"I must have been brave to have said all that to Tedla Bairu himself," he said, not concealing his own satisfaction. It was, indeed, an unusual interview where Cracknell had expressed his disappointment at the way the federal arrangement between Eritrea and Ethiopia was or was not working. He had been brutally frank in his criticism of Tedla for the latter's failure to protect Eritrea's rights and to allow the Ethiopians to intervene in Eritrean affairs at will. He had also accused the Chief Executive of, among other things, nepotism and a vindictive attitude towards his political opponents. I asked Cracknell to elaborate on all the points raised in that interview and he told me what he could remember. We both agreed, however, that Tedla Bairu had been remarkably cool and civil in his reply. We talked at length about Tedla's government and the Eritrean Police force during Cracknell's tenure, but that is material for an upcoming book.

I was in Bridport for only three to four hours. We thus had to cover a lot of ground in a hurry. He had come to Eritrea in 1941 from what were known as the Rhodesias at the time. As a one star lieutenant, he had been placed on top of a few Italian carabinieri and about 150 former Eritrean zabtia, the indigenous police troopers under Italian rule. "Were the Eritreans good students?" I asked Cracknell.

"They took to it, as one may say, like a duck to water. They enjoyed it. They were entirely loyal. I had no case at all of disloyalty. The Italians, on the other hand, were rather amusing. Coming into office in 1941, when things were going badly for the Allies in the desert, the carabinieri wouldn't even greet me. They would push you off the pavement. But a few days later, when things were going well for the Allies, Tobruk had been retaken and so on, they were leaping to their feet and saluting and bowing and scraping 'Signor Colonello' and all that." But he went on to praise Italian industriousness and the pivotal role that they had played in keeping the Eritrean economy going.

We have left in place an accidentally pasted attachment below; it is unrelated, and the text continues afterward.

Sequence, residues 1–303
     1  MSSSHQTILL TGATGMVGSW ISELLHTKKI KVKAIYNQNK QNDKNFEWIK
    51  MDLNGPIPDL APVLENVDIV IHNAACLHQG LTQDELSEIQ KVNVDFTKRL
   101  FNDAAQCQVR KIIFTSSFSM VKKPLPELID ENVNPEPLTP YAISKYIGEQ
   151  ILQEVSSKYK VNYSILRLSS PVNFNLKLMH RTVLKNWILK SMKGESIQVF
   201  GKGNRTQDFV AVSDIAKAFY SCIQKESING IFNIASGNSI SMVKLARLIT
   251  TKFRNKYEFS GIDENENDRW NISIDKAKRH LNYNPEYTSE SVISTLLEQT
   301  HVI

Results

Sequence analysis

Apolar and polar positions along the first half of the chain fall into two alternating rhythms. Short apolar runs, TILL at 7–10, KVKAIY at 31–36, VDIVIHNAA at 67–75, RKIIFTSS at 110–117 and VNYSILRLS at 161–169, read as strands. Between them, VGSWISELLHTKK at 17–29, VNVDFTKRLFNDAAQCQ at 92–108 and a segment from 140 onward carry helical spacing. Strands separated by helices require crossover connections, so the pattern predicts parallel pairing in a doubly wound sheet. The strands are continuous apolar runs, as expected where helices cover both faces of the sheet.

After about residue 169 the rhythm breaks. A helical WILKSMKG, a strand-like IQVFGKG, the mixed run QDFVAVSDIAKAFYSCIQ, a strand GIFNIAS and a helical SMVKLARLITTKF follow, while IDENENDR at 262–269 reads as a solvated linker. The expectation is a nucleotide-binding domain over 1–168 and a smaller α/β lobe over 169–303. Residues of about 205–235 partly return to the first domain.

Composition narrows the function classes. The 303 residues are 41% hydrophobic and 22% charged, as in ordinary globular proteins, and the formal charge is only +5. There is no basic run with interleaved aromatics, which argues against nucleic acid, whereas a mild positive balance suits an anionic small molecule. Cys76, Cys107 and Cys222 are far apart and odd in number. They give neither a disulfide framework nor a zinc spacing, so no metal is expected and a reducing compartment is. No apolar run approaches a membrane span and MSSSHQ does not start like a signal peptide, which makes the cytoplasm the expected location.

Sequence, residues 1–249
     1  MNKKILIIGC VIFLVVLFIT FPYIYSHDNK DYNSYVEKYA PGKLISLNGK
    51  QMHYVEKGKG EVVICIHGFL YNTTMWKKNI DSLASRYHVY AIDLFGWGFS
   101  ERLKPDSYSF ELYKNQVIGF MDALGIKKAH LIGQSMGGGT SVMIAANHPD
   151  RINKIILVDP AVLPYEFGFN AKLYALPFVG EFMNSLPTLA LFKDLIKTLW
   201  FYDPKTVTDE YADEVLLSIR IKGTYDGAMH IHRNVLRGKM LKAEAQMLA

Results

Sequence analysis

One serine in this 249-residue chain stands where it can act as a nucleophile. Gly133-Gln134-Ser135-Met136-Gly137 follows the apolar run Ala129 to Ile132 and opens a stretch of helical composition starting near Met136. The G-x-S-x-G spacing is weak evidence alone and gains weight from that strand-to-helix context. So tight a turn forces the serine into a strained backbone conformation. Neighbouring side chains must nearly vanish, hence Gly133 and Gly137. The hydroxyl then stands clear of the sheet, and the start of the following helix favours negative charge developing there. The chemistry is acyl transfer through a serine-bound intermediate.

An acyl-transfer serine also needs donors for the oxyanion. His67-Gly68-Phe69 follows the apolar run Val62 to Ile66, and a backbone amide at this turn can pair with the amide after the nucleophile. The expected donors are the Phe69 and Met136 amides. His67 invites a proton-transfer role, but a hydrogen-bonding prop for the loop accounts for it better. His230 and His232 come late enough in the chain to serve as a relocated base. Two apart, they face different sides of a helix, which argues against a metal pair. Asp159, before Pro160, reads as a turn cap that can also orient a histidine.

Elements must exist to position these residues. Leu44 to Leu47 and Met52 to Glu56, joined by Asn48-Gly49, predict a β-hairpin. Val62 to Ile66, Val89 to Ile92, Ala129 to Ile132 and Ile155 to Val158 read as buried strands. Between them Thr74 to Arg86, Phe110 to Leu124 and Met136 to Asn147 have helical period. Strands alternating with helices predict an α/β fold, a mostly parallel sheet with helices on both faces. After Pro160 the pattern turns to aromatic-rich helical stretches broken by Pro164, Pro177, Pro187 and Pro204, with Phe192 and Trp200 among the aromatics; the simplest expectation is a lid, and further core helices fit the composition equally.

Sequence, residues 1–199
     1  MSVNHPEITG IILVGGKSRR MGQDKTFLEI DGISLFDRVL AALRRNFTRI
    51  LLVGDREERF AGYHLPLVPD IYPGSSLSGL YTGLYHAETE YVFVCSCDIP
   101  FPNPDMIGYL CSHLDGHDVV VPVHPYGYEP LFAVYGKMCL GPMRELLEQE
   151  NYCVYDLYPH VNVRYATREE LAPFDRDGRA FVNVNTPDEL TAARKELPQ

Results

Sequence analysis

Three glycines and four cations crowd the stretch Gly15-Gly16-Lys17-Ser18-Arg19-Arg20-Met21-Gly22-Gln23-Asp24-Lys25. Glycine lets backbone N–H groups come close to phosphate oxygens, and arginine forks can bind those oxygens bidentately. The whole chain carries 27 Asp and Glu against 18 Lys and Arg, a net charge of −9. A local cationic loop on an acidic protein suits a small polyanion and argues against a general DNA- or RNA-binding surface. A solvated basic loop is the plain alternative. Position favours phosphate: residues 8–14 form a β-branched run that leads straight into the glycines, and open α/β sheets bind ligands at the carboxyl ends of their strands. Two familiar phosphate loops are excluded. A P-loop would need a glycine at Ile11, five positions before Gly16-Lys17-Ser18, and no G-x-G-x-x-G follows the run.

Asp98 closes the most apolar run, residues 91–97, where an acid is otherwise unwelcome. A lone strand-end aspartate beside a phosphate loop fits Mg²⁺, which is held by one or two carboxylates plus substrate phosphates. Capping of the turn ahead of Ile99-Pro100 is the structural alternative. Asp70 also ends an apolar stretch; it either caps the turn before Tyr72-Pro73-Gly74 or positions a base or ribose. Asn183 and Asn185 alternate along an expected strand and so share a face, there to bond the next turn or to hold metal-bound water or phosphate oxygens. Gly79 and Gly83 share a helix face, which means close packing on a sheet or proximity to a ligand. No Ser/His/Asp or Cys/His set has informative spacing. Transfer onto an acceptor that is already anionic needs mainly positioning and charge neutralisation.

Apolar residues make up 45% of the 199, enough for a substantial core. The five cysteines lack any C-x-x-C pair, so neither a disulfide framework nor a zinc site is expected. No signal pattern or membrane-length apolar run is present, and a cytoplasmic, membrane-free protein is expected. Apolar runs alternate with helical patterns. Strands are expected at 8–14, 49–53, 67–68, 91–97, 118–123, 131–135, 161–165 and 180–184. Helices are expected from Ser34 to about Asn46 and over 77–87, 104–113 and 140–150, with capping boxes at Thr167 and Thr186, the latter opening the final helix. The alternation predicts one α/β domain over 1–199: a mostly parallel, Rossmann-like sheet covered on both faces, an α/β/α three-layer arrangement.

We talked about the shifta problem throughout his tenure.
"The Mossazghi Brothers were bad," he told me. "But Tekeste Haile was particularly blood thirsty."
"Were the Ethiopians behind that shifta movement?"
"There was this blessing. They crossed into Ethiopia with impunity. They weren't sought out or arrested by the Ethiopians. I did know that the Ethiopians had a hand in it. There was no doubt in my mind."
"Do you remember the Sudanese Defence Force massacre of unarmed Eritrean civilians in 1946?" I asked him.
"Yes, very well. A terrible tragedy."
"Do you know that many Eritreans from that period accuse the British of connivance in that event at least for having failed to take prompt action to stop it?"
"I'm sure they would," Cracknell responded. "The stupidity was that they should never have brought Sudanese troops into Asmara. In fact, it was understood that Sudanese troops should not be billeted in Asmara. But the politicians did that. It was a terrible day."
"Where were you when it happened?" "I went down to the scene when I heard the shots. But a Sudanese trooper pointed his bayonet to my chest and I was there against the wall. I couldn't get to my men."